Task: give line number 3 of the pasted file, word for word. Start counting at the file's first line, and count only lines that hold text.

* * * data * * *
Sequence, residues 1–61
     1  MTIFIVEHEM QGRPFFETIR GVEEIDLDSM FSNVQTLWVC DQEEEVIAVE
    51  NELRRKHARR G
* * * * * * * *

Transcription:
    51  NELRRKHARR G